What do you really expect?
Recently, I’ve been viewing world events with greater interest than usual. Although many of us either ignore or approach world events with a sense of hopelessness and helpless resignation, I believe it’s imperative for us to maintain awareness of how the U.S. government interfaces with the rest of the world in our name.
I submit that when our government closes embassies for an indeterminate period, evacuates embassy personnel or emphatically issues travel advisories to American citizens, we cannot afford to bury our heads in the sand about world issues. Our practical involvement in world affairs becomes increasingly critical in the face of current events in the world. When we examine circumstances related to the murders in Benghazi, the deposing of presidents in Egypt, the civil unrest in Syria or the granting of asylum to Edward Snowden by Russia, we are reasonably obligated to understand the role the U.S. plays in these affairs.
Anyone analyzing current world events must also analyze the related assessments of the so-called media experts. Concurrent with that analysis is the requirement to filter these assessments through the prism of political motivation. Following my own advice, I’ve been able to develop personal clarity through my own world view on a wide range of these critical issues. I’ve also been able to confirm that, in the minds of his political opponents and critics, President Obama will never be acknowledged for his ability to manage the affairs of state.
I could attempt a counter-critique of the foreign policy critics by name, but the list would be far too lengthy for the space I have and would only mirror the lengthy list of domestic policy critics. To simplify things, let’s say that 50 percent of the raucous radical right finds it appropriate to say that President Obama hasn’t done enough. The other half says that President Obama has done too much. To confuse matters even more, every few days, they switch positions. Adding insult to injury, few, if any of them extend the courtesy of respecting the office of the presidency. For most, it’s merely Obama this or Obama that!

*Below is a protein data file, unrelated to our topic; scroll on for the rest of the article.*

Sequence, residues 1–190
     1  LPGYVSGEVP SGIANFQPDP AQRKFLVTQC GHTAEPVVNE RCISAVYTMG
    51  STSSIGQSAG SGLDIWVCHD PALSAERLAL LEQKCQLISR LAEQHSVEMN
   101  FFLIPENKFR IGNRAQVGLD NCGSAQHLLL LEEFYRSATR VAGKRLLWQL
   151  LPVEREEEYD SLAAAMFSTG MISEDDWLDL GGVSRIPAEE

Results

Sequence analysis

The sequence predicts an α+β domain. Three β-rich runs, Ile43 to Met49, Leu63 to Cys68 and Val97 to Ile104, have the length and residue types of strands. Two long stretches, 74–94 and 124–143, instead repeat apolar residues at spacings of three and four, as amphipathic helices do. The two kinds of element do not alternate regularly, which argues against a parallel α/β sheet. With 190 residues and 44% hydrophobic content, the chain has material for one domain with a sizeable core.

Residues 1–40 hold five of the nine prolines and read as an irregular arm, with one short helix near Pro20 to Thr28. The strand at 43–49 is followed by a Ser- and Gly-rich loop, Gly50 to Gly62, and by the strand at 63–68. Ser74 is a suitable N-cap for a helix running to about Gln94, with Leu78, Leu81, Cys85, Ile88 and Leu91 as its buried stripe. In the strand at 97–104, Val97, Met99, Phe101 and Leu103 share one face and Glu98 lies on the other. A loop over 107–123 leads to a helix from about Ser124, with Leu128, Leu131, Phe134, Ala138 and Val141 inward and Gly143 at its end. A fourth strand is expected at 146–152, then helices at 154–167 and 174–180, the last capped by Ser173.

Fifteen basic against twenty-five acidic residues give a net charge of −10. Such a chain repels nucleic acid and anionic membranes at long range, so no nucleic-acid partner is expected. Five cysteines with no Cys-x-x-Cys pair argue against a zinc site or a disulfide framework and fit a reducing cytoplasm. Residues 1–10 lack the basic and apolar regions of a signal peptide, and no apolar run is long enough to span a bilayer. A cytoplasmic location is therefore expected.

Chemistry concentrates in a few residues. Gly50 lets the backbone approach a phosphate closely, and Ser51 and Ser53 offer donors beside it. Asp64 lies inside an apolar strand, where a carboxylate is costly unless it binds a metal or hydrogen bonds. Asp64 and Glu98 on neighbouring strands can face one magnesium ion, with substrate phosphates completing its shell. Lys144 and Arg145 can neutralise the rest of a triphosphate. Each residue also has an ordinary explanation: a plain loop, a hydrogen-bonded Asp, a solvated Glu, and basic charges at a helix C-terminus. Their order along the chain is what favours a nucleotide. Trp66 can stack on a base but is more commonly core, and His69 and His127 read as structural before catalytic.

Whatever side of the argument to which they switch, a common theme for many of them is the complaint that “Obama’s” policies have created the diminished esteem in which the U.S. is held in the world community. This is the principal issue I most resent. I wonder if they’re too uniquely feeble-minded to understand that the disrespect shown by the world community to the president and the US is a reflection of the disrespect shown to him in the media, by some in the public and by many elected officials.
Sadly, many who lead this country also lead the assault against the president. Whether covertly or overtly, they set the example of disrespect that the weak-minded follow. From the outburst of “You lie!” during the State of the Union address to the most recent chants of “Bye Bye Black Sheep!” in Arizona or the rodeo stunt, when one considers the innumerable instances of race-based disrespect directed at the president, it isn’t difficult to understand any doubts of U.S. credibility or disdain held by our international adversaries.
I challenge political leaders who harbor animus toward our president to reconsider their oath of office:
I do solemnly swear (or affirm) that I will support and defend the Constitution of the United States against all enemies, foreign and domestic; that I will bear true faith and allegiance to the same; that I take this obligation freely, without any mental reservation or purpose of evasion … So help me God.
I challenge them to consider their own roles as “enemies of the state.” After their own unconscionable behavior, I ask, “what do you really expect of others?”
Dr. E. Faye Williams is Chair of the Congress of National Black Women. She can be reached at www.nationalcongressbw.org or 202.678.6788.